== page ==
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What to know before you renovate.

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Doing home renovations – even of only one room – can be stressful, particularly if you have kids.  But most homeowners who have lived through renovations agree that the final result is worth the stress.  Before you embark on this often expensive and disruptive journey, here’s what you need to know:



Make a wish list:  Make a list of all the things that you would love to include in your renovation.  Be specific and, when appropriate, include the brand names of any appliances or fixtures.  Then prioritize your wish list so that if things need to be cut, you can do so.

Discuss your wish list with your contractor or a construction expert.  If you can’t do it all, you may find that some items on your wish list are easy to accommodate at a later date, such as replacing an old dishwasher with a new one.  But other changes, such as moving a toilet or a wall, may be less expensive to do the first time around.

Be budget mindful.  Know how much you have to spend on your renovation.  Within this budget, make sure to account for unknowns that might crop up along the way. Most experts suggest padding your budget with 10-15%.  Our experience is that most construction projects go over budget by 20-25% due too the “might as well” phenomena, so plan accordingly.

When possible, consider energy efficient alternatives.  While it may not be financially practical to go all green, small high efficiency upgrades can save you money in the long run. Replacing older appliances with energy-rated, efficient alternatives is an easy way to save on electric and water bills and often don’t cost much more than their less efficient counterparts.

If you’re doing more substantial work in your home, be sure to look at less obvious energy-efficient updates, such as including foam insulation, sealing your duct work, or installing energy-rated windows. While these options may add to your overall renovation costs, the incremental increase is often worth it over the long term of home ownership.  Consider having an energy audit of your home before you begin construction so that you know exactly where you might be able to improve your home’s efficiency before you start the work.

Consider the timing.  You don’t want to replace your windows in the dead of winter if you live in New England.  Living through a kitchen renovation is easier in the spring and summer when you can BBQ outside.  When you’re looking at the calendar, make sure to consider both the time of year and the length of time that the work may take.

Also, understand the timeline of how the project will come together.  In general, structural work (foundation, framing, and windows) comes first, followed by siding and roofing. Once your home is weather tight, the business of putting your home back together on the inside can begin.  Electrical and plumbing typically occur while the walls are open, followed by insulation. Next is drywall, flooring, and any tile work that you might be doing.  The final piece of the puzzle before painting and other finishes is fine carpentry, which includes interior woodwork and cabinets.  Though cabinets are often the last thing to be installed, you may need to order them up to 12 weeks in advance for custom cabinetry and slightly less for stock pieces.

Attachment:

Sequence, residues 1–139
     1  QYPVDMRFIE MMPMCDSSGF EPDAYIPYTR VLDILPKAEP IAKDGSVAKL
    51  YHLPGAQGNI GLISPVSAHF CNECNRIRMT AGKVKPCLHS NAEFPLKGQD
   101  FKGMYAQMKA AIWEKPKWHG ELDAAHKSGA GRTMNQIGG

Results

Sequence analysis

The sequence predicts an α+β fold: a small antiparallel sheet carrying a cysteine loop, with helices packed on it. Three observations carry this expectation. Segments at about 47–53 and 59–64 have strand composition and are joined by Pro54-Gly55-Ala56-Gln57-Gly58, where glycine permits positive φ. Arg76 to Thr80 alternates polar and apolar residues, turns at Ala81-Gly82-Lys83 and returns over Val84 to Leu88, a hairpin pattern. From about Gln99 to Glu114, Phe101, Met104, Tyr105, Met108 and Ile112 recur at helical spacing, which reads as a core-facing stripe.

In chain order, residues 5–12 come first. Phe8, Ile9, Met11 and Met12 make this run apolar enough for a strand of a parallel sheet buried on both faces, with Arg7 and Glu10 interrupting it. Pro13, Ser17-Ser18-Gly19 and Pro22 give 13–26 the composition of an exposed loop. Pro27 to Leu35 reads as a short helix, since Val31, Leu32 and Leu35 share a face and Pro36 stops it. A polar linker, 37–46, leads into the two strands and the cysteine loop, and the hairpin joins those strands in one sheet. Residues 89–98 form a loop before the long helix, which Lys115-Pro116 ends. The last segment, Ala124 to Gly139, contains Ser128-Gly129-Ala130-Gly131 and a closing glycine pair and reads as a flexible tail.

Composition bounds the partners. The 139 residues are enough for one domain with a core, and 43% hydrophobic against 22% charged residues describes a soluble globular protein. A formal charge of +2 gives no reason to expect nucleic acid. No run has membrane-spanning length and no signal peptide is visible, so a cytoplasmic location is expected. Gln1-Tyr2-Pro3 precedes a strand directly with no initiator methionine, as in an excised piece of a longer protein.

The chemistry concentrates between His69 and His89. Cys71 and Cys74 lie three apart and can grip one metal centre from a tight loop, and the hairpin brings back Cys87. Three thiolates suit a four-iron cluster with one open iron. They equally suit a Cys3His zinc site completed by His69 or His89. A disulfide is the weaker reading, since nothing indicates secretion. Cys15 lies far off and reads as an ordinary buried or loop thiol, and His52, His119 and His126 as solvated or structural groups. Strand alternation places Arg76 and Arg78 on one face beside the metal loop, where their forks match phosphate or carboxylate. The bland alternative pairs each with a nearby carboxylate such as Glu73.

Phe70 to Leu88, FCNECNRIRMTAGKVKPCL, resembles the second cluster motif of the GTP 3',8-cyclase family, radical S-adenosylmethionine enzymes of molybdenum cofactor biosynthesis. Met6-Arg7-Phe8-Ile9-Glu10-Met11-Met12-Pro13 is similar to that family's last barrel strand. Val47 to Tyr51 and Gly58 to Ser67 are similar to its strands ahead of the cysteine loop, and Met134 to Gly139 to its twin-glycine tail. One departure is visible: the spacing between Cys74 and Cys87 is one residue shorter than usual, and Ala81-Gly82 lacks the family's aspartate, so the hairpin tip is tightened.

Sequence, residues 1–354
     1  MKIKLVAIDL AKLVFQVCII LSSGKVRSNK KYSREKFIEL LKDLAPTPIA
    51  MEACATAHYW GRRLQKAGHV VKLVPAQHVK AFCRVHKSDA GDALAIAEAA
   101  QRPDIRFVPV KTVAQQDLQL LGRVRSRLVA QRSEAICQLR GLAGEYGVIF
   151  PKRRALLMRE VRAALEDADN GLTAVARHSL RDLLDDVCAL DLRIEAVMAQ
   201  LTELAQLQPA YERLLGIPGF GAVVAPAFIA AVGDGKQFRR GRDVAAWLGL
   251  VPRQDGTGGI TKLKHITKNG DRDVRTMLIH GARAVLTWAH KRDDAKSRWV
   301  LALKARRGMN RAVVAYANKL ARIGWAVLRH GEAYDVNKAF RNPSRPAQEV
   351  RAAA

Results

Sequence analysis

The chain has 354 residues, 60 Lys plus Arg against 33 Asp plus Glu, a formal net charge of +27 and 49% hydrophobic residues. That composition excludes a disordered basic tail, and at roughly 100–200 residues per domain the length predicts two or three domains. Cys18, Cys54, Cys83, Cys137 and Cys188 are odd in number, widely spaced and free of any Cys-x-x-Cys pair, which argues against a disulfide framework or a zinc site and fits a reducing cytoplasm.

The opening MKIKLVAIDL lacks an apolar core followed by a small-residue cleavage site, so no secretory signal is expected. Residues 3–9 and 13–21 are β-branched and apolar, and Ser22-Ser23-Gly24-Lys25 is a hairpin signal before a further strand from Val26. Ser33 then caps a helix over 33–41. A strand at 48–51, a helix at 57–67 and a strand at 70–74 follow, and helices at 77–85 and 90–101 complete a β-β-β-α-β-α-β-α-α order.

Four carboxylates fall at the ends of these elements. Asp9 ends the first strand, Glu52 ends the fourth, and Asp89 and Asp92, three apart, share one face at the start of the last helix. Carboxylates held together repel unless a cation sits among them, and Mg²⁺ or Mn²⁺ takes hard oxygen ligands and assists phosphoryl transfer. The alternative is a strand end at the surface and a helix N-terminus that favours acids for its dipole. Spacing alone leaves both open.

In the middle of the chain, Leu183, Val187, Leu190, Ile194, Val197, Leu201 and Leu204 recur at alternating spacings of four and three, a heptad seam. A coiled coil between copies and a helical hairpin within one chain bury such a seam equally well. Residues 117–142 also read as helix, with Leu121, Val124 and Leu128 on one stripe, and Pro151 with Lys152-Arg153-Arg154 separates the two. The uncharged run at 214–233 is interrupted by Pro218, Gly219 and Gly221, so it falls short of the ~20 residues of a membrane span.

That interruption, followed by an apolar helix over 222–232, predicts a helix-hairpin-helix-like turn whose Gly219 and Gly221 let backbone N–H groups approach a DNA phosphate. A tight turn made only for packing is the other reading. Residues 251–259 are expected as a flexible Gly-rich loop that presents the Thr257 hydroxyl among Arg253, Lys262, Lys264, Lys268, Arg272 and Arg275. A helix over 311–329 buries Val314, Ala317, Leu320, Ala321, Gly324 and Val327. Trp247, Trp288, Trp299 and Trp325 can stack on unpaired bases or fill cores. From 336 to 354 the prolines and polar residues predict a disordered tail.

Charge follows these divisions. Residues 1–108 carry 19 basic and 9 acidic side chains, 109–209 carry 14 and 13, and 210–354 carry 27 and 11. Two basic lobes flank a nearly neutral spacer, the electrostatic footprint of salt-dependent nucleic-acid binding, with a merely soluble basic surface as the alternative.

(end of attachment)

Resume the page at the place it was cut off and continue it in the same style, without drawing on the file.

Get referrals, several estimates, and lots of references.  The best referrals come from friends and family who have actually worked with the contractor.  But a positive experience for one person doesn’t always lead to a positive experience for another, so make sure to ask for several references and speak to each one.  Ask about the quality of the work, whether the work was completed on time and within the expected budget, and how the site was left on a daily basis (this is particularly important if you will be living in your home during the renovation).

Also consider interviewing – and getting estimates from – at least three contractors.  Comparing the estimates will give you a better sense of whether the prices you’re receiving are reasonable.  Plus, each time you speak with someone new, you learn a little bit more about the project and may be exposed to ideas that you hadn’t thought of yourself.

When interviewing contractors, make sure to ask: whether the project will be billed hourly or by a flat fee (a flat fee may make more sense for a larger project); how many other projects he or she will be working on at the same time; what the time frame for completion is; whether he or she will be supervising the work; and finally, make sure to inquire about licensing, insurance, and bonding (all of which will vary depending on the state in which you reside).

Review the fine print.  Once you’ve selected the contractor who you’d like to work with, make sure to get a contract.  A contract will protect both your interests and should set out the scope of the work, the time in which it will be completed, as well as the amount and timing of payments.  As a general rule, you should never be asked to put down a deposit of more than 1/3 of the total before work has begun.  You also should withhold a final payment (anywhere between 5-10%) until all of the work has been completed to your satisfaction.

Image by Kromkrathog, courtesy of



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